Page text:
Professor of Medicine and Old Age Neuroscience (Nuffield Department of Clinical Neurosciences)
Consultant Physician (Oxford University Hospitals NHS Foundation Trust - OUHFT)
Tell us a bit About your role
I am a Consultant Physician at Oxford University Hospitals NHS Foundation Trust (OUHFT) and Professor of Medicine and Old Age Neuroscience at the University of Oxford. I studied pre-clinical medicine at Cambridge followed by clinical medicine at Oxford and was a junior doctor in London and on the respiratory unit in Grenoble, France, where I worked on the chest unit and completed a research project on obstructive sleep apnoea. I returned to Oxford in 1995 and completed my DPhil in 1999 in MR imaging in stroke recovery before returning to clinical work in acute medicine and geratology. I had three daughters, 2002-2006 and in between periods of maternity leave, I worked three days a week in acute medicine becoming a locum consultant in 2005. In 2008, I was appointed to a part time NIHR Oxford Biomedical Research Centre consultant physician post.
I now work 4.5 days a week still at 50/50 in clinical and research work. My clinical duties include stints of acute internal and complex medicine as well as specialist clinics in memory and multi-morbidity. I am OUHFT Clinical Lead for Dementia and Delirium working closely with the Electronic Patient Record (EPR) Team to implement changes to the process of care for older and frail patients. My research is largely integrated into my clinical work and is focused on the short- and long-term cognitive impacts of acute (systemic) illness and cerebrovascular disease with a substantial translational component. I have supervised numerous junior doctors, medical students and visiting fellows as well as clinical, non-clinical and nursing doctoral candidates. I am a member of the editorial boards of several leading journals, lead author of several books, and senior editor of a series of case-based learning books covering medical/surgical specialities. I have participated in TV, radio and newspaper features on dementia and delirium in the hospital setting.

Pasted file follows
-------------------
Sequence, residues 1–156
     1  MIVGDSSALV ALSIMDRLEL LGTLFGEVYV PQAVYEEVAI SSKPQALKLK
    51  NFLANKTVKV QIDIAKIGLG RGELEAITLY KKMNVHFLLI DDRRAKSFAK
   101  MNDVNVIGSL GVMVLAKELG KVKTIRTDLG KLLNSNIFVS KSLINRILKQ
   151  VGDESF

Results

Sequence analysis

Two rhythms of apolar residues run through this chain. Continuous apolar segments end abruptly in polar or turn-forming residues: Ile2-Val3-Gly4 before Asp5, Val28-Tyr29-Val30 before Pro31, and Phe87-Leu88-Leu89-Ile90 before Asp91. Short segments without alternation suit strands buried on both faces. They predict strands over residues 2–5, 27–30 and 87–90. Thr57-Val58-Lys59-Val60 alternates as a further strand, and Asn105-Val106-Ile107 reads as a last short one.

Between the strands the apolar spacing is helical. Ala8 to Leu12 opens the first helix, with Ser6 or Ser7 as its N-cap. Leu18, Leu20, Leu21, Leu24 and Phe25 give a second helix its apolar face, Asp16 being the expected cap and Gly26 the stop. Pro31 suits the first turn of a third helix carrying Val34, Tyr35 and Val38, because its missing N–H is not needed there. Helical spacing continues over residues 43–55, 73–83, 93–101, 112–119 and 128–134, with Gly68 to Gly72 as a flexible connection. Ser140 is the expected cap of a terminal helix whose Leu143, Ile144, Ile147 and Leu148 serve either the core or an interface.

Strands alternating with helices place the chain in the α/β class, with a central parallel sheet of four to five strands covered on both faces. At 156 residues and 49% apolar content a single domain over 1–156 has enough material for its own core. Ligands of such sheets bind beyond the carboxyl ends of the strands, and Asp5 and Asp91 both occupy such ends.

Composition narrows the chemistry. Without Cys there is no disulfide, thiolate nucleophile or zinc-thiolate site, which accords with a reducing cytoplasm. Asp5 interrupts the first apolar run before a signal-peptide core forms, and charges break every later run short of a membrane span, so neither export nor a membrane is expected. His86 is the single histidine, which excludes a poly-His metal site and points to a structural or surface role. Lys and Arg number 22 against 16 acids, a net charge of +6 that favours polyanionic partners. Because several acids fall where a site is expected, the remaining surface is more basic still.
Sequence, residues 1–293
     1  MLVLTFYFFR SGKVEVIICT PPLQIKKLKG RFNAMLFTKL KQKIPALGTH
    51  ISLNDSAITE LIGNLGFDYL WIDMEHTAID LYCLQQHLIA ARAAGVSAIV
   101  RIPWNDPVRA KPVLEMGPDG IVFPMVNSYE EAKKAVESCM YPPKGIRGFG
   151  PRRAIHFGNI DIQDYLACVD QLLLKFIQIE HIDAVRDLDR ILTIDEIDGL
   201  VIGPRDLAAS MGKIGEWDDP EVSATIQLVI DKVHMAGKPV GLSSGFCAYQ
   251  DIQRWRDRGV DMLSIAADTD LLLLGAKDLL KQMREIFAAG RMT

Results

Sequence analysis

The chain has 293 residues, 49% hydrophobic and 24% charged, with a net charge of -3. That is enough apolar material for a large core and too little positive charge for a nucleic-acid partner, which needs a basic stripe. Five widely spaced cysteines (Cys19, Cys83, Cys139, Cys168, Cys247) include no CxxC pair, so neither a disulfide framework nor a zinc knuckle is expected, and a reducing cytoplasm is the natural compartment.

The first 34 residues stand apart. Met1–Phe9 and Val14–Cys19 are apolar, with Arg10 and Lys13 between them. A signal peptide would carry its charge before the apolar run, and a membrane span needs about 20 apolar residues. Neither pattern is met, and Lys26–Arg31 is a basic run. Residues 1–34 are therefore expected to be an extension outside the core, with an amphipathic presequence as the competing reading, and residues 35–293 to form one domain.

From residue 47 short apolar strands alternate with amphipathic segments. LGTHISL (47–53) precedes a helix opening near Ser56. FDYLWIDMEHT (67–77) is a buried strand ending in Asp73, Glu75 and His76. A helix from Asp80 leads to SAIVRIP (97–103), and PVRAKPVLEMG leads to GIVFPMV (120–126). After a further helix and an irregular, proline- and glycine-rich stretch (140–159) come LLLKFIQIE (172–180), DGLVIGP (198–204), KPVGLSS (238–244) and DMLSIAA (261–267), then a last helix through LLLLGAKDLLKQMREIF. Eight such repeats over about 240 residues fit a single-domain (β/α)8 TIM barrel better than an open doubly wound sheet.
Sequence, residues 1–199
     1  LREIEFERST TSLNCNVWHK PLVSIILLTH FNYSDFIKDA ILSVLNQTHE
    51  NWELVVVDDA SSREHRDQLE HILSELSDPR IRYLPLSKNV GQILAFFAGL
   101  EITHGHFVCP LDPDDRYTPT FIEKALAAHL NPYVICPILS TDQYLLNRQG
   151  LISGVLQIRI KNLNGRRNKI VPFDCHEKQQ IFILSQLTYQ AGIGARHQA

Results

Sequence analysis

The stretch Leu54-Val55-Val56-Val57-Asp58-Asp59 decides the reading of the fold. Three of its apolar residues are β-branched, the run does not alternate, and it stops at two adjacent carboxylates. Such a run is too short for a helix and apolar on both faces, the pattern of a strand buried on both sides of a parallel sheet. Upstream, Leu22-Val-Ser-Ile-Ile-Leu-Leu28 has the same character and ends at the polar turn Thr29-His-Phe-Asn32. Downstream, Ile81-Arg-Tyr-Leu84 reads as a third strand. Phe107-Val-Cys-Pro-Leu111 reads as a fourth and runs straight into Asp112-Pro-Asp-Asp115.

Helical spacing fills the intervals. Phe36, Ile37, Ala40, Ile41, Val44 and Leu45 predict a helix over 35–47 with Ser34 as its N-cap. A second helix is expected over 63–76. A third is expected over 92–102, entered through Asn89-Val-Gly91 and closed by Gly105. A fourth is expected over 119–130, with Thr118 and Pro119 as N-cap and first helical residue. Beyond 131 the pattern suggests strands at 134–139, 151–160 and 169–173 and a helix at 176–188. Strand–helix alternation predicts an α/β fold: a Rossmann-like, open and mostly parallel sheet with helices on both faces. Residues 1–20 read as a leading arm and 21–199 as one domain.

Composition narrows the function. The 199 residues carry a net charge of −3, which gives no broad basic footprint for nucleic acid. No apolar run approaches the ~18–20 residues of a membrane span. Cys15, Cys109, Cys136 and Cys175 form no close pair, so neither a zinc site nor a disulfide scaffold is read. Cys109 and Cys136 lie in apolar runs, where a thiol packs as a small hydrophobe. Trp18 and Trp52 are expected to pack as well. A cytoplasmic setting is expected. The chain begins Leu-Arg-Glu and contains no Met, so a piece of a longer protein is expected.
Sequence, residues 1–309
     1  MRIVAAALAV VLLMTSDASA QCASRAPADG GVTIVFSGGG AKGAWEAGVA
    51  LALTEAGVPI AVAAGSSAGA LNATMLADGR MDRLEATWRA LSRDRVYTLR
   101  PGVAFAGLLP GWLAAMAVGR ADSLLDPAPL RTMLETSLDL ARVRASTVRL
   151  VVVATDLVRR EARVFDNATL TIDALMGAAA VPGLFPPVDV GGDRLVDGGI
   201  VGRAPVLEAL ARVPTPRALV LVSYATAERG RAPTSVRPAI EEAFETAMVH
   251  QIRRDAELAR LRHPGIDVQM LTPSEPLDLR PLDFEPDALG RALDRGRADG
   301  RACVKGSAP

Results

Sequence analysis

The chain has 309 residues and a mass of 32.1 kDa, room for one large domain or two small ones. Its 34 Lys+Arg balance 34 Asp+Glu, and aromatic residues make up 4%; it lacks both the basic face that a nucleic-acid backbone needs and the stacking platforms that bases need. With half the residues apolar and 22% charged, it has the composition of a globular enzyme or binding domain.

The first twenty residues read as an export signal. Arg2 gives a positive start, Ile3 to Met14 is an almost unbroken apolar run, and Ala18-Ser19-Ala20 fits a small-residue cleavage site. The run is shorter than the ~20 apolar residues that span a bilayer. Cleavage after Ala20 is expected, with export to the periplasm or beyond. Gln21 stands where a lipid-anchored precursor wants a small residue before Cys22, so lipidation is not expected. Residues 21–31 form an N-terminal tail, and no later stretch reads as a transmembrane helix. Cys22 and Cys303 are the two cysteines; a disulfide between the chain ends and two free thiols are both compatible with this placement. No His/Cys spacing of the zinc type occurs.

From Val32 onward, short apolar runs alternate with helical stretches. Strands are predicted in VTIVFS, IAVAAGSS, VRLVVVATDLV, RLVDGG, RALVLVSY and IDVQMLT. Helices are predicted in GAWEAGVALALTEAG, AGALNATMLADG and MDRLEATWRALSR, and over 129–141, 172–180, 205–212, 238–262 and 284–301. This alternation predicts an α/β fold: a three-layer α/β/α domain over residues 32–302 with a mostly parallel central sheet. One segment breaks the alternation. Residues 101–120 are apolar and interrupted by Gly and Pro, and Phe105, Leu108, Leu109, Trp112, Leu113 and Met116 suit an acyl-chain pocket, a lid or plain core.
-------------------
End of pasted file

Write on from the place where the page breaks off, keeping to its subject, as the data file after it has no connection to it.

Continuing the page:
I see my role as bridging the gap between the clinical coal face of acute medicine and the often more rarified world of medical research. Studies on older frail patients and acutely unwell in-patients are challenging and require a cross disciplinary approach but are key to planning services and improving care as well as understanding mechanisms. I have links with researchers in neuroscience, psychology, imaging, population health, informatics and health economics as well as with clinicians across a broad range of specialties including not only general medicine and geratology, but also stroke, infectious diseases, palliative care, and general surgery. This facilitates a broad research programme encompassing service development, quality improvement, and technological developments through to understanding the role of acute illness, multimorbidity and frailty in cognitive and functional decline.